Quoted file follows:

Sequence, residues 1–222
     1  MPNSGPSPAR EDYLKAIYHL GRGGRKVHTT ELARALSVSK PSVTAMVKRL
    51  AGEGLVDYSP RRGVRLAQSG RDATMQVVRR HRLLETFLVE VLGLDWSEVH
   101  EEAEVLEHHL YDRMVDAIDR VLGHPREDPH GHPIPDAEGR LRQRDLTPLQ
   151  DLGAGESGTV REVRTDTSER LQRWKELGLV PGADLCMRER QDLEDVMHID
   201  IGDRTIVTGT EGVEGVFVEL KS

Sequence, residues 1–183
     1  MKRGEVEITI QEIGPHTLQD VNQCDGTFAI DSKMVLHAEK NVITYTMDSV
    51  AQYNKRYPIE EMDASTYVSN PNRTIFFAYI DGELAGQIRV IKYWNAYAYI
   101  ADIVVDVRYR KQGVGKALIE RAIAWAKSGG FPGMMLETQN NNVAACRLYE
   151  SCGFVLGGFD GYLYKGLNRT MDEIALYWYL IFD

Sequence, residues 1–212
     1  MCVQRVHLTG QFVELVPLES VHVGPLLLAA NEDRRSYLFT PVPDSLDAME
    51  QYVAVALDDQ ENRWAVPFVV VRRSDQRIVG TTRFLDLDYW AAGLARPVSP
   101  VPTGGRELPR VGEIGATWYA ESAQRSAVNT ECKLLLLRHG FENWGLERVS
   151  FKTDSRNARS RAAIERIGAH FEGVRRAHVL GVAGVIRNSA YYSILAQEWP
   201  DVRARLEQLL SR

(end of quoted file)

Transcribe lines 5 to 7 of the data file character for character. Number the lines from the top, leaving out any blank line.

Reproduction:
   151  DLGAGESGTV REVRTDTSER LQRWKELGLV PGADLCMRER QDLEDVMHID
   201  IGDRTIVTGT EGVEGVFVEL KS

Sequence, residues 1–183